“Believing with you that religion is a matter which lies solely between Man & his God, that he owes account to none other for his faith or his worship, that the legitimate powers of government reach actions only, & not opinions, I contemplate with sovereign reverence that act of the whole American people which declared that their legislature should “make no law respecting an establishment of religion, or prohibiting the free exercise thereof,” thus building a wall of separation between Church & State. [Congress thus inhibited from acts respecting religion, and the Executive authorised only to execute their acts, I have refrained from prescribing even those occasional performances of devotion, practiced indeed by the Executive of another nation as the legal head of its church, but subject here, as religious exercises only to the voluntary regulations and discipline of each respective sect.] Adhering to this expression of the supreme will of the nation in behalf of the rights of conscience, I shall see with sincere satisfaction the progress of those sentiments which tend to restore to man all his natural rights, convinced he has no natural right in opposition to his social duties.”
Keep the church out of all of our government. That’s all I’m saying. It was never meant to be there to begin with.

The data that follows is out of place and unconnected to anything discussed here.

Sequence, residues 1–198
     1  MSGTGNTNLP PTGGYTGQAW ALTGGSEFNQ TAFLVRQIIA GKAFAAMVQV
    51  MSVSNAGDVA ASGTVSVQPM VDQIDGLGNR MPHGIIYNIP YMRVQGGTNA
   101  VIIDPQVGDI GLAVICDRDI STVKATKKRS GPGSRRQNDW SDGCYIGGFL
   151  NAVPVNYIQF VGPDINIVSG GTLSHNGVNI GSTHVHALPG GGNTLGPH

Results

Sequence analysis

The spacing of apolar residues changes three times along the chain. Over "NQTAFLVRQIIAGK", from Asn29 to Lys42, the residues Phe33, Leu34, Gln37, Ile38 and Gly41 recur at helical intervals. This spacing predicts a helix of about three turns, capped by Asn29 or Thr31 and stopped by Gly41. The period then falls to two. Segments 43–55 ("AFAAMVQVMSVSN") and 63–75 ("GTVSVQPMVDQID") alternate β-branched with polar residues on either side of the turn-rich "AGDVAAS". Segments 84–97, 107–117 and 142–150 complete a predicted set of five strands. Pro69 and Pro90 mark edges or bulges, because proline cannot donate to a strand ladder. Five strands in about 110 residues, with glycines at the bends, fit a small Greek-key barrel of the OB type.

3. Let’s talk about prayer in public schools and the Pledge of Allegiance.
First, the first amendment does not prohibit children from praying in school. In fact, it guarantees them the right to do so. Essentially, what it says is the school cannot promote or lead any school child, activity, class or event in prayer nor promote any specific religion. This is for public schools, mind you. Parochial schools can do as they please. If you really want your child to be led in prayer, in school, by a teacher or principal then parochial school is the way to go.
In public school, your child can pray when and where he/she likes, so long as it does not interrupt school. That means no jumping up in the middle of a class lecture to pray. This makes sense, because children go to school to learn Reading, Writing, Science, etc. However, in between classes, during personal moments or quiet times during class, before or after school, before sports events, or before mealtimes, children can pray as they want and to whom they want. They do not have to pray the way a teacher or principal wishes them to.
Therefore, your child actually has more religious freedom in public schools. Honestly, who do you want telling your child how and when to pray? You or your child’s principal?
As for the pledge, it is unconstitutional in its 1950s, updated, Conservative, “under God”, phrase added state. The original pledge was fine without that phrase added in, so I do not see why it cannot be said in its original form? Otherwise, it breaks the first amendment. That is simple enough to understand.
4. Just because you and I pray to a different God(s) or none at all, doesn’t mean we can’t be friends.